Riverside then bought a company that gave them a learning management software (LMS) solution. “You can envision the linkages. Someone finishes taking an online course on the YourMembership LMS portal, and immediately they are directed to job opportunities relevant to what they just learned about. Conversely, if you are looking at job opportunities in pediatric nursing, for example, the site would then know to show you educational courses for pediatric nurses,” says Manning.
By the end of Riverside’s ownership, YourMembership had 4,000 customers and more than 20 million individual users. Riverside also grew YourMembership from a single location in St. Petersburg, Fla., to a six-office company with offices and staff in Connecticut, Illinois, Texas, the Philippines and UK, in addition to its original office in Florida.
“YourMembership wanted to interact and connect its customers with their membership, we helped them find the best way to do that by investing in the businesses, adding employees and using technology. We saw an opportunity to connect people in a better way and worked to make that a reality,” says Manning.
In early 2017, Riverside sold YourMembership to Insight Venture Partners, which plans to focus on growing the company internationally.
The Carlyle Group
Private equity assets under management: $51 billion
Case study company: Axalta Coating Systems
Look no further than Carlyle’s 2013 $4.9 billion investment in Axalta Coating Systems, a carve-out from DuPont, to see a company achieve unprecedented growth with the help of private equity. The company makes paint for many purposes, including for companies such as Volkswagen AG, Ford Motor Company, General Motors and the NASCAR.
The buyout was the focus of a hotly contested auction process. Carlyle paid $4.9 billion for the company, the highest offer. Many felt Carlyle overpaid for the asset, but Carlyle had conviction around the company, and experience in purchasing companies from corporate parents and transitioning them into successful standalone businesses. Carlyle had done this in the past with Allison Transmission, which came out of General Motors; HD Supply, which was owned by Home Depot; and Hertz, which was once part of Ford.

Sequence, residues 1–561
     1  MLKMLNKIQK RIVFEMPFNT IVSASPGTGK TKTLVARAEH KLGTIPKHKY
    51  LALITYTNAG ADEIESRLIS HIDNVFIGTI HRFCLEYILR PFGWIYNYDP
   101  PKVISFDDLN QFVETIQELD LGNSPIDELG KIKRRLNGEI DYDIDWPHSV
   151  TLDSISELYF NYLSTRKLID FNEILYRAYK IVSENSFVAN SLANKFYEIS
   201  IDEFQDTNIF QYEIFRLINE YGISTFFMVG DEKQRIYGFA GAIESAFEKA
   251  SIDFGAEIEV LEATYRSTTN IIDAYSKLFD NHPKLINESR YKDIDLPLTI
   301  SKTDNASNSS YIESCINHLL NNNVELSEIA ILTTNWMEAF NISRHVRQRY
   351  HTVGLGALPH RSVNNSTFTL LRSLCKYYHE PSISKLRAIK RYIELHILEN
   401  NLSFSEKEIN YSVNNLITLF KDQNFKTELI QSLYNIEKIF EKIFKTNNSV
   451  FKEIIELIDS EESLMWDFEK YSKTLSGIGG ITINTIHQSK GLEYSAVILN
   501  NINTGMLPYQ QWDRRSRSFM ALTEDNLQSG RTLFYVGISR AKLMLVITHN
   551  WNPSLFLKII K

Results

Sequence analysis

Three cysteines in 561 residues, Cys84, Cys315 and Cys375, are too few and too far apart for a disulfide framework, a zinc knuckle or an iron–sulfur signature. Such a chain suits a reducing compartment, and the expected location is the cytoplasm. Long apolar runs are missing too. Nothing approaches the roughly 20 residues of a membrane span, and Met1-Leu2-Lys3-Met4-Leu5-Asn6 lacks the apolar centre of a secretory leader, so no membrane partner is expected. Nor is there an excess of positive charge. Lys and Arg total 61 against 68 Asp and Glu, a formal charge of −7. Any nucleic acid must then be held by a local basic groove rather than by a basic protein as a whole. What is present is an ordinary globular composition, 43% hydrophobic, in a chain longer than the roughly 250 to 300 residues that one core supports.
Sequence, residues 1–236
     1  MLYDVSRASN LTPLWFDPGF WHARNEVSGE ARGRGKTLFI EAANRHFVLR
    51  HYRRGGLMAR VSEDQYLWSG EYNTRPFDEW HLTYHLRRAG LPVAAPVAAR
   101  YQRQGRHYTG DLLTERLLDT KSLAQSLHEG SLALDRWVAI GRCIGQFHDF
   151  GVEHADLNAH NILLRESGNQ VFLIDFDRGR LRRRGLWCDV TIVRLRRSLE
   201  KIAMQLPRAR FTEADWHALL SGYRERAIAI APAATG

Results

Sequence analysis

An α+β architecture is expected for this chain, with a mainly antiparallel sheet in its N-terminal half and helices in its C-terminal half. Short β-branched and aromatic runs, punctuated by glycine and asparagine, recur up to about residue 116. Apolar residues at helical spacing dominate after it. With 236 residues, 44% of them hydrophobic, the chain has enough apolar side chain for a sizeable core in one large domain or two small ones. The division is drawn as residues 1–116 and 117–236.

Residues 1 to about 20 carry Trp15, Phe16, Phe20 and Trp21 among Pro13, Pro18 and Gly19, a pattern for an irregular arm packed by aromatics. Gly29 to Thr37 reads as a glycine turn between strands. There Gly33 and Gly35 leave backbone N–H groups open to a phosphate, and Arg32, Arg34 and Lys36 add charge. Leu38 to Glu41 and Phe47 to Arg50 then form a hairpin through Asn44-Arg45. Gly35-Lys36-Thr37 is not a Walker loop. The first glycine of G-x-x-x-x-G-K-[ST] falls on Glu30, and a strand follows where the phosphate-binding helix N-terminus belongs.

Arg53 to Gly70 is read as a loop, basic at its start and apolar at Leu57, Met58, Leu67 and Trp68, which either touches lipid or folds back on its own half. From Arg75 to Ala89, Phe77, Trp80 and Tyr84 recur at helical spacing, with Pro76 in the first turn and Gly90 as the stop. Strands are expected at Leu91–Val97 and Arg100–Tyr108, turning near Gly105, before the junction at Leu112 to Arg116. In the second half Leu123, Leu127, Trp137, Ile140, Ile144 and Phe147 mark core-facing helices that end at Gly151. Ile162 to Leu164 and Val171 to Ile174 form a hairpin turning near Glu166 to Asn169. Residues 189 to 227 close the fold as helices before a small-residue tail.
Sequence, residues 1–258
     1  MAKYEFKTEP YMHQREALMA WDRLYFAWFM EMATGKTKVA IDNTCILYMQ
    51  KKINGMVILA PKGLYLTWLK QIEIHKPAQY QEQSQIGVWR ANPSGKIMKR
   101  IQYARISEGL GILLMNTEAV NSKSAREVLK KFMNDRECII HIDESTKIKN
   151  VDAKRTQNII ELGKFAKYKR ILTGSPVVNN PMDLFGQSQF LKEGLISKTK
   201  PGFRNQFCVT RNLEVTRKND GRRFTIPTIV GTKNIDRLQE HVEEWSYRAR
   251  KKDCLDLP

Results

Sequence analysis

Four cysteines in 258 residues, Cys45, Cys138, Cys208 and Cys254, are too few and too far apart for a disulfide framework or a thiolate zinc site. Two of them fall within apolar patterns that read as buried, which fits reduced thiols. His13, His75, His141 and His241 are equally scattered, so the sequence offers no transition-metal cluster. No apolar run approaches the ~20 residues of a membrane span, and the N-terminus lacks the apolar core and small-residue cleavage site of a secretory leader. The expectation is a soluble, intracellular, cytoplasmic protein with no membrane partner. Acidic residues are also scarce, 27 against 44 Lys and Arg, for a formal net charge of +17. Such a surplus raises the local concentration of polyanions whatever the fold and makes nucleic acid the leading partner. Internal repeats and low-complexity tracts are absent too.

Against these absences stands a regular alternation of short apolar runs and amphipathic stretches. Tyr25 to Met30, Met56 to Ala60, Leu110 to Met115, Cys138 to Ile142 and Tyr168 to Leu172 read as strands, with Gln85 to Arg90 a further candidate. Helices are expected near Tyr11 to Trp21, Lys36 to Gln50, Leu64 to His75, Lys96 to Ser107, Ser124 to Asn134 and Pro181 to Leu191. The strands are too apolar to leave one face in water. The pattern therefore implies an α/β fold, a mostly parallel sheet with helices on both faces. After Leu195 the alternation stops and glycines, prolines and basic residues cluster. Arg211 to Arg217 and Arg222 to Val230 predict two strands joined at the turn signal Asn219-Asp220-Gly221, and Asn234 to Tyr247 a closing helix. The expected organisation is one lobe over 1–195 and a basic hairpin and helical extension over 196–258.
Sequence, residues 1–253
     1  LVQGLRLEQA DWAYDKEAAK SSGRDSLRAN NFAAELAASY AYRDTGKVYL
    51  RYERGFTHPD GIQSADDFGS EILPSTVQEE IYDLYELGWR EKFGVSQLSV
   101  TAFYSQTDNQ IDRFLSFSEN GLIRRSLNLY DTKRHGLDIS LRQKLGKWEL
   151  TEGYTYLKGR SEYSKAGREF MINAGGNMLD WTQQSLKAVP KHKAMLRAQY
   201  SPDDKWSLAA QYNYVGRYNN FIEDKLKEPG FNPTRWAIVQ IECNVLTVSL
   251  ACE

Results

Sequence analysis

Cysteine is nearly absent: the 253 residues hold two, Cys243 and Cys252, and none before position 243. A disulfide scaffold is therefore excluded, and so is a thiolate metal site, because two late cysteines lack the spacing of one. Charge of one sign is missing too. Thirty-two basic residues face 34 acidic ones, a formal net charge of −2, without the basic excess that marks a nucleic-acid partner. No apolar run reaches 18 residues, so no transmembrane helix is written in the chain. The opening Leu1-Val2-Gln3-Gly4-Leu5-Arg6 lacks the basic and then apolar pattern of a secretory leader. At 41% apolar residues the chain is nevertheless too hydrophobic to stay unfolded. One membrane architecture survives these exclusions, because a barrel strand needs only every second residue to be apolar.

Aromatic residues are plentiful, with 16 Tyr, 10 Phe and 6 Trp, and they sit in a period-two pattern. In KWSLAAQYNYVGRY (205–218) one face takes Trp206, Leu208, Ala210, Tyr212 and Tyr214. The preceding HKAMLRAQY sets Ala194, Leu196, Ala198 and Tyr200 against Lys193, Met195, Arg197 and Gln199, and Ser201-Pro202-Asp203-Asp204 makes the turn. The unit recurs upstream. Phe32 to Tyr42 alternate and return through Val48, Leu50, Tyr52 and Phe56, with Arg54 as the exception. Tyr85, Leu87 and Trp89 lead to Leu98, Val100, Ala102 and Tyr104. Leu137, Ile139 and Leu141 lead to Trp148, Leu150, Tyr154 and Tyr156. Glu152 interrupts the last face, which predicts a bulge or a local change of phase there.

“Despite the price tag, we felt this was a good deal for us because we had a process that had already been tested. We have some pattern recognition at this point. We knew we could make Axalta a strong independent company and make money for our investors at the same time,” says Chris Ullman, a managing director with The Carlyle Group.
The deal turned out to be Carlyle’s second-best deal ever in terms of return despite the high price it paid. In 2016, Carlyle sold Axalta for $5.8 billion.
Axalta had been losing market share to larger operators, which resulted in layoffs and poor performance results. Under Carlyle’s ownership Axalta was able to achieve wide-ranging positive economic benefits. Carlyle reinvested $700 million into the business over three years, which allowed the company to grow considerably.
“We worked hard on our value creation process to grow Axalta. As a free-standing company, Axalta was able to innovate and thrive,” says Ullman.
Carlyle worked with Axalta to increase senior leadership by 12 people and repositioned the company to serve more multi shop operators. The company also launched four key products in Brazil, China, Germany and Mexico. At the same time the company targeted and won new business in emerging markets and launched new product lines to address market needs. Carlyle also invested in IT systems to increase efficiency.
By the time Axalta went public, it had grown substantially. Carlyle also enhanced the company’s corporate citizenship through a change in its coating system to one that reduced the emissions of volatile organic compounds for clients by 70%. The company also planted 30,000 new trees in China to help with the pollution issues in the country and partnered with Ducks Unlimited to support the restoration of the Anahuac National Wildlife Refuge along the Texas Gulf Coast, which is close to the company’s Houston manufacturing facility.
KKR & Co.
Assets under management: $129 billion
Case study company: Sedgwick Claims Management Services Inc.
Large corporations tend to have high insurance deductibles so instead of paying those high premiums, they fund their insurance coverage themselves and hire Sedgwick Claims Management Services Inc. to administer the claims. The company’s clients are employers in the U.S., Canada and Europe that self-insure. Sedgwick has had a long history of being owned by private equity firms. In 2014, KKR bought the company for $2.4 billion. David North, Sedgwick’s CEO who has been with the firm for 22 years, is a fan of working with PE firms. “At first I was prejudiced against private equity. I thought they were going to talk to us about procurement and minor things, but good investors bring discipline. It’s a model aligned with what we do,” says North. “Private equity understands our business — when we need to invest and how we need to grow.”